Luke 7:18-20

Many believers find this to be a surprising passage of Scripture. How could someone like John the Baptist have any doubts?

He baptized Jesus. He saw heaven open and he heard the voice of the Father confirming that Jesus was the Christ. What was he thinking?

Some people are under the impression that if you get far enough along in your Christian journey, you become immune to doubts. I’m here to tell you that this is just not the case. Apostles, prophets, evangelists, pastors, and teachers – none of us have a spiritual “force field” against the temptation to doubt God’s Word.

What we need to learn is how to handle doubt when it comes our way. On the positive side, it’s important to note that John the Baptist went straight to the source. He needed to reinforce his relationship with Christ.

The Lord knew exactly how to deal with this issue. He gave John the weapons he needed to overcome his insecurities.

At that very time Jesus cured many who had diseases, sicknesses and evil spirits, and gave sight to many who were blind. So he replied to the messengers, “Go back and report to John what you have seen and heard: The blind receive sight, the lame walk, those who have leprosy are cured, the deaf hear, the dead are raised, and the good news is preached to the poor. Blessed is the man who does not fall away on account of me.”

Luke 7:21-23

Many times doubts arise because we don’t see the whole plan of God. We only see bits and pieces. That was john’s problem.

John knew from Scripture who Messiah was supposed to be. However, there are two pictures of Christ given in the Old Testament.

John the Baptist concentrated on Christ the Judge (Luke 3:7-18). He spent much of his ministry exhorting people to “flee the coming wrath”. What he didn’t realize is that this part of the Messiah’s calling was for His second Coming.

At this point in time, Jesus was called to love, heal, and preach the good news of God’s kingdom to all who would listen and believe. As John was being persecuted, he began to wonder why Christ wasn’t bringing wrath down on all of these “sinners”.

Jesus had to remind John to look at the totality of what God was doing. People were being drawn to submit their lives to God. As they saw His power, it became a way for them to hear about the life that was being held out to them.

We need to follow this example. When we’re tempted to doubt, we must stop looking at the problem or what we think God is not doing. Instead, we must concentrate on what the Lord has done or is doing in and around us.

Like Jesus said in His last statement, we can’t let ourselves be tripped up by who He is. That means we can’t focus on only one part of His work in us. There’s a whole plan that God has for us. I need to let the Lord have His way in me.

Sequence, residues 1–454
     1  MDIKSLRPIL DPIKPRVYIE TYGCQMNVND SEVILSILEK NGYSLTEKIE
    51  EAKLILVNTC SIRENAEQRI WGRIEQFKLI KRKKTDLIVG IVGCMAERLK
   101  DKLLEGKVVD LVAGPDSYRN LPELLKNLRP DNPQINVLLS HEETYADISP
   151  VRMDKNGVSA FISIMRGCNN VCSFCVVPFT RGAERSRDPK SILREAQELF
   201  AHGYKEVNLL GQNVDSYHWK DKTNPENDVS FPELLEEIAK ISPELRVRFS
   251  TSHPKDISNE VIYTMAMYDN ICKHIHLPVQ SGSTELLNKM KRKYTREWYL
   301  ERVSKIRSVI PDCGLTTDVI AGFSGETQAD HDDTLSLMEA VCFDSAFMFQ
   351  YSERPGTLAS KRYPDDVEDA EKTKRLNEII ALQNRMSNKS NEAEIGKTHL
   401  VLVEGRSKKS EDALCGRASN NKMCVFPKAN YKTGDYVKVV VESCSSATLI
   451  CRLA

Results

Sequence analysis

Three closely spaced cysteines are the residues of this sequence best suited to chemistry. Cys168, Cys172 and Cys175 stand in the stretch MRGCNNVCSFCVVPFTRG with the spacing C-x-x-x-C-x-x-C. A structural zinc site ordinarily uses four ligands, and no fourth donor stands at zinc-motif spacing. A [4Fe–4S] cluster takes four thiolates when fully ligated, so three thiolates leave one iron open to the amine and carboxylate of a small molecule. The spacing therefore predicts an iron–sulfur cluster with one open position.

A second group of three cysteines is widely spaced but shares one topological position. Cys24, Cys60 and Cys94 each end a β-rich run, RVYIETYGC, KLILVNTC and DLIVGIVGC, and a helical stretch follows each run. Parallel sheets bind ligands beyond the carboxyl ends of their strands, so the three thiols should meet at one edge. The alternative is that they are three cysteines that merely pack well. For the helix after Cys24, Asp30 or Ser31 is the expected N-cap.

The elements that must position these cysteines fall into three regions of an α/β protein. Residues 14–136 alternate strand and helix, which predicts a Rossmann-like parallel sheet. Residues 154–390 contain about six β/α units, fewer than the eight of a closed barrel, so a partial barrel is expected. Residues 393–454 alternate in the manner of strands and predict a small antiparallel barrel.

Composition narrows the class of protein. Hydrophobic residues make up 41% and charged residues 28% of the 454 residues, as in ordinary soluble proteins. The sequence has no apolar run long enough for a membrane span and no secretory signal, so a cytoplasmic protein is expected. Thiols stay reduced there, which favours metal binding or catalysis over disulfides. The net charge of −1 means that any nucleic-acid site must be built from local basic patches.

Don’t get caught up in the problem. Look at everything Christ is accomplishing in you.

Question: How have you been blessed by God so far?

© 2022 Nick Zaccardi

 
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Posted by on March 7, 2022 in Faith, Spiritual Walk

 

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Why We Receive a Blessing

Why We Receive a Blessing

In my last post, I introduced my study into the Gospel of Luke. I’m looking forward to what we’ll learn through this journey.

You may want to read Luke 1:5-14 before starting this post. That’s the passage of Scripture I’ll be dealing with today.

There were meetings that took place before the birth of Christ. They were between heaven and earth; between God and His people. We need to understand how and why God meets with His people. It’s through these divine appointments that we find God at work.

In the above passage, we see a priest, Zechariah, who has been praying for a child. It says that both he and his wife were blameless.

It was the custom of the priesthood to choose a priest for incense duty. It was Zechariah’s turn, it was nothing special. This was a normal prayer time.

The first thing we need to see is that God meets with us during normal times. This is why our prayer times are so important. We don’t know what God has planned for us.

and at his appointed season he brought his word to light through the preaching entrusted to me by the command of God our Savior…

Titus 1:3

We need to understand and work within God’s appointed seasons. We pray, not knowing the “when” of the answers. Sometimes we get tired of praying, we lose heart, and we get distracted. How many times have we lost out because we didn’t show up at the divine appointment?

But the angel said to him: “Do not be afraid, Zechariah; your prayer has been heard. Your wife Elizabeth will bear you a son, and you are to give him the name John.”

Luke 1:13